A Blood Test To Determine When Antibiotics Are Warranted

Scientists can assay gene activity to distinguish between bacterial and viral infections.

By | July 7, 2016

Methicillin-resistant Staphyloccus aureus being ingested by neutrophilNIHScientists can distinguish between a viral and a bacterial infection by assaying just seven human genes, according to a study published this week (July 6) in Science Translational Medicine. A clinical test based on these findings would enable doctors to more appropriately prescribe antibiotics, which are ineffective against viruses.

This May, US Centers for Disease Control and Prevention (CDC) reported that doctors prescribe antibiotics when they’re not needed in around 30 percent of cases examined. Overuse of these drugs may promote more widespread antibiotic resistance.

To address the problem, scientists at Stanford University looked at more than 1,000 patient blood samples to identify gene activation signatures associated with either bacterial or viral infections.

The researchers found they could distinguish these two classes of infections by analyzing the expression of seven genes alone. “The notion that there are just seven targets with really excellent accuracy was pretty shocking,” study coauthor Tim Sweeney told Time. The team was then able to validate this seven-gene assay with blood collected from 96 children with sepsis.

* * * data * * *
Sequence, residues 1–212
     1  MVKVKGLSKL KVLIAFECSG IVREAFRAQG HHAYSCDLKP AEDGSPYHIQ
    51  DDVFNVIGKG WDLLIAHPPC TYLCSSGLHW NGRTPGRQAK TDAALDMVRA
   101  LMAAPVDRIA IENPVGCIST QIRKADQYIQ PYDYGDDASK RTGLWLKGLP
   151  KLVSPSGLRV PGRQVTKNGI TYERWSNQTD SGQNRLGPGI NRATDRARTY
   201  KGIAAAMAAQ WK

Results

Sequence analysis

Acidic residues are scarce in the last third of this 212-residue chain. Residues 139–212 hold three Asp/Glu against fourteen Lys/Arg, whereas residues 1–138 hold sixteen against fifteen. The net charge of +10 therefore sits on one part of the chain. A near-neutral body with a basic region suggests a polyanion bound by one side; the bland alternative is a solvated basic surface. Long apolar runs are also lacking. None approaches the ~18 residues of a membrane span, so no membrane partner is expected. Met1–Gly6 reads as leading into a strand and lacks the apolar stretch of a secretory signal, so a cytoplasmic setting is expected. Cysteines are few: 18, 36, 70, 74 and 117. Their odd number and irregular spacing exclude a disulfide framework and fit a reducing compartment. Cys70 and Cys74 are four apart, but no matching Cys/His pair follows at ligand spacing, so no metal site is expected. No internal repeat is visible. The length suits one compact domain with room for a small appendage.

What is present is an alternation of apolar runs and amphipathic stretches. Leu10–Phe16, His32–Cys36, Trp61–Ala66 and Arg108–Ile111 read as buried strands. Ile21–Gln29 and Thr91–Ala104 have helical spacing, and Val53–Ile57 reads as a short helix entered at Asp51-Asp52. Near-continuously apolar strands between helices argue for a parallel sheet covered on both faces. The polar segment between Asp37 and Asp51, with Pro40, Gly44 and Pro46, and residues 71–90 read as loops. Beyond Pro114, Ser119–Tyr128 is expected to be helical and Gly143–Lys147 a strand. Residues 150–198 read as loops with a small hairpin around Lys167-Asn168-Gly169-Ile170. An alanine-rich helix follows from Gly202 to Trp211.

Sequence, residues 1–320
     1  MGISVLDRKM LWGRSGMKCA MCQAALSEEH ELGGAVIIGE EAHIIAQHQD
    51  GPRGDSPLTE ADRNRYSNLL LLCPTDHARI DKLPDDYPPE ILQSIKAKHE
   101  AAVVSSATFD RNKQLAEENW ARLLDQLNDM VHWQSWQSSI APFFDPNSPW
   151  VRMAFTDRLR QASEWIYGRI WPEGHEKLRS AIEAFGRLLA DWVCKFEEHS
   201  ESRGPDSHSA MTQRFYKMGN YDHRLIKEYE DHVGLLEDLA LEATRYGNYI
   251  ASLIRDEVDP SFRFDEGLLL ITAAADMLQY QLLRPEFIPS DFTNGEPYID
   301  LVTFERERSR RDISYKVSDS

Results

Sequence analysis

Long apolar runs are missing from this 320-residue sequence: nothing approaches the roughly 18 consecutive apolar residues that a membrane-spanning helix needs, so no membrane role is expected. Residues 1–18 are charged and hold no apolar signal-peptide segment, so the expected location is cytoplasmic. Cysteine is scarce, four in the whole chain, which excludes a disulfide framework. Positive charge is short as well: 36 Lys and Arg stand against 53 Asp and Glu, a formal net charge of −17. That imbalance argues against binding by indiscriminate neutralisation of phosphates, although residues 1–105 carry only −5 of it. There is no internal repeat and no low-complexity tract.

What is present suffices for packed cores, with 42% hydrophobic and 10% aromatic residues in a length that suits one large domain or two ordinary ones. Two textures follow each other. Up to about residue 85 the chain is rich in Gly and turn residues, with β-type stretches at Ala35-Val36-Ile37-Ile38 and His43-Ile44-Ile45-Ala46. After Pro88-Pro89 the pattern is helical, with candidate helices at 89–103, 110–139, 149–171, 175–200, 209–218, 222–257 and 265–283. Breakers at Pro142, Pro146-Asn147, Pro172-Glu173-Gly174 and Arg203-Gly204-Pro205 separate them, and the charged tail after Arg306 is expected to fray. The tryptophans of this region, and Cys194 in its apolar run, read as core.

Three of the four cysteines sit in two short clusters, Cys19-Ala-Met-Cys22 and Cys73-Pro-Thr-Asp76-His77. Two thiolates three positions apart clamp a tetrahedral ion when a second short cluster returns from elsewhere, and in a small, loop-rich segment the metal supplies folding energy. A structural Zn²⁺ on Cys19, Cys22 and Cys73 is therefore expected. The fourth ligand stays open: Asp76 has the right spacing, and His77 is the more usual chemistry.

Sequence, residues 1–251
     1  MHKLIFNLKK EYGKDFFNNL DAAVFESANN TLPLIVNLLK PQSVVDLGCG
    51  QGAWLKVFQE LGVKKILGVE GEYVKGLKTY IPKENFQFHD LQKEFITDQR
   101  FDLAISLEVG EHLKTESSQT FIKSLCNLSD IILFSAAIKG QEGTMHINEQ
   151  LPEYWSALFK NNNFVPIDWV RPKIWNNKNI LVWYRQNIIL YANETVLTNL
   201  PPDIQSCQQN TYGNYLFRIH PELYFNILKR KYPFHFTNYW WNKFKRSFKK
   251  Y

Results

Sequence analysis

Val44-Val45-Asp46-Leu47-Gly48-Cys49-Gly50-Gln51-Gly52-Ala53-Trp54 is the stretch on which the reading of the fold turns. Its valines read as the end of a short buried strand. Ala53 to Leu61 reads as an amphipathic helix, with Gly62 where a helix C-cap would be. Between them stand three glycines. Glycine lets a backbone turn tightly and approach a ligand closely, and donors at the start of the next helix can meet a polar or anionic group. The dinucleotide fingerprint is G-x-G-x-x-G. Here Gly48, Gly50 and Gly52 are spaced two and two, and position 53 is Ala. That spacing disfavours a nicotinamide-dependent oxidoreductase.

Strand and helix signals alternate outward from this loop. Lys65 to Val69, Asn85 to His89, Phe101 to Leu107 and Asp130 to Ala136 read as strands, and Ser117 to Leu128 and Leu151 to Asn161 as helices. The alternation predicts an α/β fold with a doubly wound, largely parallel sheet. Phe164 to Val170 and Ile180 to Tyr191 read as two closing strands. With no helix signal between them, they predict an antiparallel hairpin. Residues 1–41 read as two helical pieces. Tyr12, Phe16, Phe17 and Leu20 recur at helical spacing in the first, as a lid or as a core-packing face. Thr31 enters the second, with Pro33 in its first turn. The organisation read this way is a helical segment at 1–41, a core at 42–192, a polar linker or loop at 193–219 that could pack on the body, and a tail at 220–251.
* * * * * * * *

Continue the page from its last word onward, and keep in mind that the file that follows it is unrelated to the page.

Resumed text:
“Our test can very reliably rule out bacterial infection,” study coauthor Purvesh Khatri wrote in an email to The Scientist.

For example, if the prevalence of bacterial infection is 15 percent in a community, and 100 patients are tested, if they all test negative, then the test is almost totally accurate: 98 patients truly won’t have a bacterial infection, according to the team’s analysis.

The researchers are working to improve the approach so that it can be applied in the clinic.

“A lot of people said we need a test like this, and we hope our test, or one like it, will help to reduce the crazy overuse of antibiotics that is threatening not just medicine but whole parts of our society based on our inability to treat certain infections,” Sweeney told Time.

Sweeney and Khatri told The Scientist that the test could be particularly useful during the early stages of an infection—prior to life-threatening sepsis—when antibiotics can be safely avoided.

 

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